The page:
Mishap: Keston Benthum, in his costume, “Adoni Father of Love and Life”, falls on stage during the semi-final round of the Kings of Carnival competition at the Queen’s Park Savannah, Port of Spain, on Tuesday evening.
—Photos: MICHEAL BRUCE
King takes a tumble
Keston Benthum literally stumbled into the spotlight to grab all the attention at the National Carnival Bands Association (NCBA) Kings and Queens semi-finals on Tuesday night at the Queen’s Park Savannah, Port of Spain.
Benthum, the last of 20 kings to display on the Big Yard stage, left the packed Savannah Grand Stand gasping in horror when his 20-foot-high tree-like costume came crashing down on him as he attempted to exit the stage.
The panicked house announcer called for nearby first responders to assist the masman from under the 120-pound costume entitled “Adoni Father of Love and Life”.
Thankfully, the king, from the debutant band Mas Passion, emerged with little more than a bruised ego following the three-minute ordeal. He did not make the cut for tomorrow’s final.
However, in a strange twist, bandleader Gerard Weekes told the Express in an interview he never authorised this costume to be the king for his band.
“A strap in the costume was rubbing against something and it snapped and I lost balance. That was one of the main supports and I lost my footing and fell,” explained Benthum following the incident.
Wade Madray had no such problems as he added a few surprises to his giant scorpion costume, “Quars Al Sahraa—Desert Sting”, to extend his lead on the chasing pack.
The entire scorpion glowed red when the house lights were switched off, earning rousing applause from the audience. He then brought the costume to edge of the stage and clawed at the judges again, to the delight of the crowd.
Brothers Curtis and Ted Eustace qualified for tomorrow’s final in the second and third spots, respectively. Curtis, a former Carnival king, impressed with his dark portrayal of “Zanzikil—Lord of Chaos” from the band Show Time Trinidad.
Reigning King of Carnival Ted Eustace from the band Paparazzi, meanwhile, had the audience skanking to Bob Marley’s timeless classic, “Jammin’”, when he danced on stage with his cannabis-influenced costume that featured two oversized irie monkeys in rasta hats and gold chains dancing between two leaves from the illegal plant.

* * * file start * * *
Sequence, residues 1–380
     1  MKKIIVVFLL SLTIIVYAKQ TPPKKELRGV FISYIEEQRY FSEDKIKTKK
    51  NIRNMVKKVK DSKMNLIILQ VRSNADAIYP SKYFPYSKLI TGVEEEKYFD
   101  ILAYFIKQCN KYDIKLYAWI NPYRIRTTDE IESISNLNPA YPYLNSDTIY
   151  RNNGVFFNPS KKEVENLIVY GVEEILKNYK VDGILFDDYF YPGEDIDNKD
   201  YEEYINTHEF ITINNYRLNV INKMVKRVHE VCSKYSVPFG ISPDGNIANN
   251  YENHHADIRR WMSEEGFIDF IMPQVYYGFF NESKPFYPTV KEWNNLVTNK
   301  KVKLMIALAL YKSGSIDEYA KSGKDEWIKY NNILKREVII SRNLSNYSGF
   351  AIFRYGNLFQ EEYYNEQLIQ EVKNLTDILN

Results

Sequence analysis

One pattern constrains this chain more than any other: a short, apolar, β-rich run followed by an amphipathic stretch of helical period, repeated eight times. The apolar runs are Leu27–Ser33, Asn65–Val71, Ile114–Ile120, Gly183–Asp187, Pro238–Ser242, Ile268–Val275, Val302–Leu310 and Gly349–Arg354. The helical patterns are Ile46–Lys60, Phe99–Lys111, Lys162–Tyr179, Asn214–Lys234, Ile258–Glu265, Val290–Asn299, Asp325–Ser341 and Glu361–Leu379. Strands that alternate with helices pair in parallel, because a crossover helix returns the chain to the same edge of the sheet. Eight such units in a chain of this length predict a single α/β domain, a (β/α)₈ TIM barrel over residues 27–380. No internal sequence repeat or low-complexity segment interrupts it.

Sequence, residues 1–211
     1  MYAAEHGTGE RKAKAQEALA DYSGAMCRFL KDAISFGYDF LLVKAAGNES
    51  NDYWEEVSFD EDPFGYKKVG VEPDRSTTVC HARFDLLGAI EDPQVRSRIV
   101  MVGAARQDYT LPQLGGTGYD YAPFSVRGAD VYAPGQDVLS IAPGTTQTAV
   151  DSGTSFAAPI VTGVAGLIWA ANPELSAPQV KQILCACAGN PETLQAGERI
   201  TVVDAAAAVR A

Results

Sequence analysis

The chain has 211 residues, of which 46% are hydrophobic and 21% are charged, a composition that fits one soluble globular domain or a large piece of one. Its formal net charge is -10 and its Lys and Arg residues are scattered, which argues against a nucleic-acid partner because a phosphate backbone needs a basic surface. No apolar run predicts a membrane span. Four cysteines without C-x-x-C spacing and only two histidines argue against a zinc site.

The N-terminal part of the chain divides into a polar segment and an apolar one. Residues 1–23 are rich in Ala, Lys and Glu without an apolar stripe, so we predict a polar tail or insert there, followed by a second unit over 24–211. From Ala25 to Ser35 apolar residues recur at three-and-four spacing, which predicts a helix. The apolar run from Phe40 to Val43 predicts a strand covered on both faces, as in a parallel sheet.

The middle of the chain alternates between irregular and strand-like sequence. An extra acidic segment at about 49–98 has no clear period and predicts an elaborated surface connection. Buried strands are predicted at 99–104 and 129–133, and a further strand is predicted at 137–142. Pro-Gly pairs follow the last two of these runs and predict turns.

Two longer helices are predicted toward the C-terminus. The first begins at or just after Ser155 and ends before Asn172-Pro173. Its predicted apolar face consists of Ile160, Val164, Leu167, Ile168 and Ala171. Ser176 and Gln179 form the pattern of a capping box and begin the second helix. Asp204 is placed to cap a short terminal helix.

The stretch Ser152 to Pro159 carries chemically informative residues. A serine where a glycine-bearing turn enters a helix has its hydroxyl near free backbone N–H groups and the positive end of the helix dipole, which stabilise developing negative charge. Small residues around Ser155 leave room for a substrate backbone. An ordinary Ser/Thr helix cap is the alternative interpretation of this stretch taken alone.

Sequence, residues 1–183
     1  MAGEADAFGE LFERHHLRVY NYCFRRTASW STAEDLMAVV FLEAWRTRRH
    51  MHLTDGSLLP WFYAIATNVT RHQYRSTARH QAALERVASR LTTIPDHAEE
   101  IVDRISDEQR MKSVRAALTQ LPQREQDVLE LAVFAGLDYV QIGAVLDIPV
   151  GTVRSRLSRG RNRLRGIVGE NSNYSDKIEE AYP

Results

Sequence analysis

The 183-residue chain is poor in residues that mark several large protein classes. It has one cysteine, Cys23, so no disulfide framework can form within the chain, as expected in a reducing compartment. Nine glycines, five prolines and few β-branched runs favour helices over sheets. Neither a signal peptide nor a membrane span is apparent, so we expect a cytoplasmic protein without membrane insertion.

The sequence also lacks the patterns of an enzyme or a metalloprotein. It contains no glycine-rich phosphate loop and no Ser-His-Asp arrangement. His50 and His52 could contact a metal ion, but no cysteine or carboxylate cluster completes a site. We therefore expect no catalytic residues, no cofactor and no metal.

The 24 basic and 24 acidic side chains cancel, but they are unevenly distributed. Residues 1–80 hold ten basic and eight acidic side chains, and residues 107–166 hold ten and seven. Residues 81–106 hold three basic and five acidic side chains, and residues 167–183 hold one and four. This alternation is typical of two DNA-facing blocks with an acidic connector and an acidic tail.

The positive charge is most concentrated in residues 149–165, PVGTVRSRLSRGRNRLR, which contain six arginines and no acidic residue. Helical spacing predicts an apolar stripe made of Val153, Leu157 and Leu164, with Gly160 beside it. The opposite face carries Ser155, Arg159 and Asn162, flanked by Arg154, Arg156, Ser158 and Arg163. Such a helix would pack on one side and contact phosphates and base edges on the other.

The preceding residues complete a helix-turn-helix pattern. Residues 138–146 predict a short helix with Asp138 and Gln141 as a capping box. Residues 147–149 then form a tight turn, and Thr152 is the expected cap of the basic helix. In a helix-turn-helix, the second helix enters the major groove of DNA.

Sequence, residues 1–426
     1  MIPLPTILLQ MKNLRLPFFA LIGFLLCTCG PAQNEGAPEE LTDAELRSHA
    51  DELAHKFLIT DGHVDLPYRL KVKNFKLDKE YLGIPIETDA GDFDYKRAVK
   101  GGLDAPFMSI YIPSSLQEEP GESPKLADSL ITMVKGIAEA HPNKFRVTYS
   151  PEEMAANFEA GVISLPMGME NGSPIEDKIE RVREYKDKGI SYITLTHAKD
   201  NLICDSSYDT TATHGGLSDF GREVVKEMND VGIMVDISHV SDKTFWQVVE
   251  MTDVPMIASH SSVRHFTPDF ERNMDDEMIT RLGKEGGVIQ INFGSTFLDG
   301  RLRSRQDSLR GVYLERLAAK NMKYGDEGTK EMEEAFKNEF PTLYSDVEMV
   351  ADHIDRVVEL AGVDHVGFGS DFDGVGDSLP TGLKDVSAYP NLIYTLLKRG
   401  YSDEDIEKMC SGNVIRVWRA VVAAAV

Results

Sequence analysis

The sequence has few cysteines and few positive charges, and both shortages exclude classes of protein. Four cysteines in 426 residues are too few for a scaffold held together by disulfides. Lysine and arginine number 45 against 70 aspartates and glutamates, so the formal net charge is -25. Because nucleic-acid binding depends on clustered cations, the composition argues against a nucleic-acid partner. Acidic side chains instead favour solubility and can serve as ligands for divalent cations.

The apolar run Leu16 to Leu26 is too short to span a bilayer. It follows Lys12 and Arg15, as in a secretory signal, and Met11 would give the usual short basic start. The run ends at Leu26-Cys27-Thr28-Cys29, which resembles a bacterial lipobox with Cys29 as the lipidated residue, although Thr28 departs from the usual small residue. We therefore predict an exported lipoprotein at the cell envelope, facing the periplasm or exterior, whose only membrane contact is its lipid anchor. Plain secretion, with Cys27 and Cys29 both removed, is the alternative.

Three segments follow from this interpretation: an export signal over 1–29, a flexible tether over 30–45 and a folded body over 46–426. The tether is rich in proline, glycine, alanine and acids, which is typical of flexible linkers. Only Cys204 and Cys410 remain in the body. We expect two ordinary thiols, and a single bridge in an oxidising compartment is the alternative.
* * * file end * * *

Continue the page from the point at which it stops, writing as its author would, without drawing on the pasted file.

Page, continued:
Earlier, Gloria Dallsingh danced away with a huge lead in the Queens category after her Ivan Kalicharan-designed portrayal, “We Beat Pan Music”, was awarded 428 points by the judges. It was a huge jump for the south-based masquerader, who could only manage a 13th-spot finish in the preliminary round. Her semi-final score was 22 points more than second place Ravenon Atherton’s “High Noon on the Comanchero Sacred Grounds”.
Preliminary round leader Tamika George fell to ninth spot, going into the final as her portrayal, “Refraction: A Phenomenon of Light”, was awarded 23 points less this time around, when compared to her preliminary round score of 411 points.
The final ten in both categories will again start from ground zero come tomorrow night at the Savannah.
It is anyone’s title for the taking on a night where theatrics, pyrotechnics and a few surprises can be expected.
How they finished:
1. Wade Madray – Legacy Mas – “Quars Al Sahraa – Desert Sting” – 436;
2. Curtis Eustace – Show Time Trinidad – “Zanzikil – Lord of Chaos” – 430;
3. Ted Eustace – Paparazzi Carnival – “Monkey Know What Tree To Climb” – 425;
4. Ravi Lakhan – Antourage – “Nagin Saphera – The Serpent Charmer” – 416;
5. Ronald Blaize – Legacy – “De Tornado” – 410;
6. Glenn Dave Lakhan – Good Hope Associates “After Earth” – 398;
7. Zinool Mohammed – “Madiba (The Heart of a Warrior)” – 397;
8. Fareid Carvalho – Carvalho Productions – What Lies Beneath”– 396;
9. Earl Backles – Dream Team Carnival – “Scorpion King” – 389;
10. Clyde Bascombe – “Poseidon Comin’” – 388.
1. Gloria Dallsingh – Ivan Kalicharan – “We Beat Pan Music” – 428;
2. Raevon Atherton – Paparazzi – “High Noon On The Comanchero Sacred Grounds” – 406;
3. Denesha Jennings – Jennings & Associates – “Indeera (Mother of India)” – 404;
4. Kay Mason – Festival of Colours – “Burrokeet Woman” – 395;
5. Laura Rampersad – Ivan Kalicharan – “African Drum Dancer” – 394;
6. Alendra Bailey – D’ Midas T&T – “Warrior of Fire: Rise of The Mystic Phoenix” – 393;
7. Peola Marchan – Trini Revellers –“Zamara, Mirage of the Oasis” – 392;
8. Cherry-Ann Patrice Valere – Good Hope Associates – “The Unusual Beauty” – 385;
9. Tamika George – R Bailey & Associates – “Refraction: A Phenomenon of Light” – 383;
10. Tracell Frederick – Colourz Fuh So – “Hera – Bonds of Unity” – 382.